ETCSLtranslation : t.5.1.3 ETCSL homepage

The advice of a supervisor to a younger scribe (E-dub-ba-a C)

1-2. (The supervisor speaks:) "One-time member of the school, come here to me, and let me explain to you what my teacher revealed."

3-8. "Like you, I was once a youth and had a mentor. The teacher assigned a task to me -- it was man's work. Like a springing reed, I leapt up and put myself to work. I did not depart from my teacher's instructions, and I did not start doing things on my own initiative. My mentor was delighted with my work on the assignment. He rejoiced that I was humble before him and he spoke in my favour."

9-15. "I just did whatever he outlined for me -- everything was always in its place. Only a fool would have deviated from his instructions. He guided my hand on the clay and kept me on the right path. He made me eloquent with words and gave me advice. He focused my eyes on the rules which guide a man with a task: zeal is proper for a task, time-wasting is taboo; anyone who wastes time on his task is neglecting his task."

16-20. "He did not vaunt his knowledge: his words were modest. If he had vaunted his knowledge, people would have frowned. Do not waste time, do not rest at night -- get on with that work! Do not reject the pleasurable company of a mentor or his assistant: once you have come into contact with such great brains, you will make your own words more worthy."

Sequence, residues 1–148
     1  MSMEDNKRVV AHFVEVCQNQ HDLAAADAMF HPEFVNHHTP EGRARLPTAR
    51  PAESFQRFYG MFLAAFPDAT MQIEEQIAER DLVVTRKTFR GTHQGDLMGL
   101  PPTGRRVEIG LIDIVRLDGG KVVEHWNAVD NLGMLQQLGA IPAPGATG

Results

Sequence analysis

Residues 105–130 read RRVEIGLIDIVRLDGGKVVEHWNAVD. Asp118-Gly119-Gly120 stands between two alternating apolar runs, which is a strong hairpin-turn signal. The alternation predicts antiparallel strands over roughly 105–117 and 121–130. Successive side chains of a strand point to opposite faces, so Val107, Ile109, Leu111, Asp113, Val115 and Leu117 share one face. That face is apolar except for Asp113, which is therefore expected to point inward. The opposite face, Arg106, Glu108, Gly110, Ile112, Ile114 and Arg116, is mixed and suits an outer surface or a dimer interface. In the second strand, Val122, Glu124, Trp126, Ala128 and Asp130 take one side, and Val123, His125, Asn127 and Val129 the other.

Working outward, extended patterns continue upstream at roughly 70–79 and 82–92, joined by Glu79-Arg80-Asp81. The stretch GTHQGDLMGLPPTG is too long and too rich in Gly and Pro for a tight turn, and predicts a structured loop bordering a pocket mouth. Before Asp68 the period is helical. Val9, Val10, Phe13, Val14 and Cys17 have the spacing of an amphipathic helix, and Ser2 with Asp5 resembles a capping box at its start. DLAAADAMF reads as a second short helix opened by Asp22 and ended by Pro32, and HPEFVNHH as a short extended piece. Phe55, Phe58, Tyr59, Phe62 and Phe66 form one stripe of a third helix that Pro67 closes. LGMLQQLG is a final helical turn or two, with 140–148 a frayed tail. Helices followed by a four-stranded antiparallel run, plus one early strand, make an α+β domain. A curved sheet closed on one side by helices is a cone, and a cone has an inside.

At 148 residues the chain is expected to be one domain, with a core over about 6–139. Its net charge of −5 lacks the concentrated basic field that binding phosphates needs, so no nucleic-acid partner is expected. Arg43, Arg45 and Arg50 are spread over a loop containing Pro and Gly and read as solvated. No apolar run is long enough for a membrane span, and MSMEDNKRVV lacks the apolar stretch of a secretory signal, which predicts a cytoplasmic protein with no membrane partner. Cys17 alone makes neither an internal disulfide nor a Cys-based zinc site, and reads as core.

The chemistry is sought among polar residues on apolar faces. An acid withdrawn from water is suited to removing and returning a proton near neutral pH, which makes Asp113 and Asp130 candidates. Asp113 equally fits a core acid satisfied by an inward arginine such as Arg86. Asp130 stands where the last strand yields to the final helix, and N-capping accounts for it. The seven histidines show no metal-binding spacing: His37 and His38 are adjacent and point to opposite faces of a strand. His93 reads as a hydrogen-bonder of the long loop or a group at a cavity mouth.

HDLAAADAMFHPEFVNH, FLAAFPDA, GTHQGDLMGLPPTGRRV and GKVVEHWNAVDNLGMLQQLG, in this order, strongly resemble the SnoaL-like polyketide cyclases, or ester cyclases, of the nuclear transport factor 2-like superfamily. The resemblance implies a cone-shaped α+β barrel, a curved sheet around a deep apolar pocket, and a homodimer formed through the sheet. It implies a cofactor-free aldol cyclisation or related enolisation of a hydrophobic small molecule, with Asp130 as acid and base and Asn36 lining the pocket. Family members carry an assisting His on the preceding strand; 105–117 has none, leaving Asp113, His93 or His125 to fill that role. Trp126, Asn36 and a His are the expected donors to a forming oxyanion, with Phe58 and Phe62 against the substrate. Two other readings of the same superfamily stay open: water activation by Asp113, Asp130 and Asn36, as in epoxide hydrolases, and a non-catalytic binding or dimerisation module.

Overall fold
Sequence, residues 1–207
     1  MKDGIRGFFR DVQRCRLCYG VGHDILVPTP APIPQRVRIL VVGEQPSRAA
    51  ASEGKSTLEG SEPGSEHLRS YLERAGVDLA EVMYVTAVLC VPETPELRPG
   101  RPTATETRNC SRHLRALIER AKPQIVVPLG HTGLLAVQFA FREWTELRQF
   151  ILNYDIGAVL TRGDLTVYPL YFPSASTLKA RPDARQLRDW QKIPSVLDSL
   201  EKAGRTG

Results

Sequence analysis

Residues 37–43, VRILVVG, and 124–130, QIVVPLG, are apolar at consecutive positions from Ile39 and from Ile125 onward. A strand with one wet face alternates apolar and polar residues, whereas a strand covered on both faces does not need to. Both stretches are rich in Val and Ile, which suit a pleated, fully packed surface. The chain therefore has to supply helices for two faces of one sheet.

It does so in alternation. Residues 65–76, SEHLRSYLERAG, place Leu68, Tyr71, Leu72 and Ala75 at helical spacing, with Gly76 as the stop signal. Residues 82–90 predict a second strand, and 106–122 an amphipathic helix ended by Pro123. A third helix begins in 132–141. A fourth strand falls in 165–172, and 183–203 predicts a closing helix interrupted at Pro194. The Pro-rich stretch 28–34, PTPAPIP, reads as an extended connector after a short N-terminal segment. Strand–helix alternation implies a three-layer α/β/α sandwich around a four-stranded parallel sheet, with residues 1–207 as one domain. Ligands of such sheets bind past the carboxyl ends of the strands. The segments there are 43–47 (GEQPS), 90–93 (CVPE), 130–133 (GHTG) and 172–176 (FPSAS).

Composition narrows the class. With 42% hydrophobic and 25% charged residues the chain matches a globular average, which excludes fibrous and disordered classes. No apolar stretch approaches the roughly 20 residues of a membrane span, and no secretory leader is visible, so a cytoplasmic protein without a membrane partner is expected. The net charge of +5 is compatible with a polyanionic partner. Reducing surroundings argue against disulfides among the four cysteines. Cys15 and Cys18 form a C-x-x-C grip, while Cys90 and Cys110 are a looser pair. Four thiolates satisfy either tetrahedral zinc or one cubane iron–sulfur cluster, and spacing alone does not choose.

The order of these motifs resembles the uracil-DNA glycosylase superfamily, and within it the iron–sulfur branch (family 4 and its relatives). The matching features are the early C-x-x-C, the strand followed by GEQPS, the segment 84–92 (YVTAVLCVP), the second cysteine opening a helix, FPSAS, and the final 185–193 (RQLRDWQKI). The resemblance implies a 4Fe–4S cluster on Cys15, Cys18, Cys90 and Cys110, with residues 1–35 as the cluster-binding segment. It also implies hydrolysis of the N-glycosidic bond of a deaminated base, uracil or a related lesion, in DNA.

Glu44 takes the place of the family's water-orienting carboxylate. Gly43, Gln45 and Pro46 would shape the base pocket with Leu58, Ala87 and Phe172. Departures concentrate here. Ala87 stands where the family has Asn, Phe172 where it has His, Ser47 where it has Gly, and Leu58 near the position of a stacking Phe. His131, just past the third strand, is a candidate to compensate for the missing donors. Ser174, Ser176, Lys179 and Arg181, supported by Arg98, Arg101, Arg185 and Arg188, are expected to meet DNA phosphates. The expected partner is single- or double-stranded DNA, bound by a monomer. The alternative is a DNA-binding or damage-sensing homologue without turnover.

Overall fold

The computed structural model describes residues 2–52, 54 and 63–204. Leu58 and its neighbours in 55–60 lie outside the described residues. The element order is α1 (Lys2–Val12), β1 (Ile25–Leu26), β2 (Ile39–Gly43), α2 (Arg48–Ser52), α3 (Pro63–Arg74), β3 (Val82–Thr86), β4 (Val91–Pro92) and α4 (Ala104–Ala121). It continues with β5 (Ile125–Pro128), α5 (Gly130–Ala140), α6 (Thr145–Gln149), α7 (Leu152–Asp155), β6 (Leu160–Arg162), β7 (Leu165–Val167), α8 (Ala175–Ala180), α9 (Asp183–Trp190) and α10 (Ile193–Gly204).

21-26. "And another thing: you will never return to your blinkered vision; that would be greatly to demean due deference, the decency of mankind. Worthy plants calm the heart, and sins are absolved. An empty-handed man's gifts are respected as such. Even a poor man clutches a kid to his chest as he kneels. You should defer to the powers that be and …… -- that will calm you."

27-28. "There, I have recited to you what my teacher revealed, and you will not neglect it. You should pay attention -- taking it to heart will be to your benefit!"

29-35. The learned scribe humbly answered his supervisor: "I shall give you a response to what you have just recited like a magic spell, and a rebuttal to your charming ditty delivered in a bellow. Do not make me out to be an ignoramus -- I will answer you once and for all! You opened my eyes like a puppy's and you made me into a human being. But why do you go on outlining rules for me as if I were a shirker? Anyone hearing your words would feel insulted!"

36-41. "Whatever you revealed of the scribal art has been repaid to you. You put me in charge of your household and I have never served you by shirking. I have assigned duties to the slave girls, slaves and subordinates in your household. I have kept them happy with rations, clothing and oil rations, and I have assigned the order of their duties to them, so that you do not have to follow the slaves around in the house of their master. I do this as soon as I wake up, and I chivvy them around like sheep."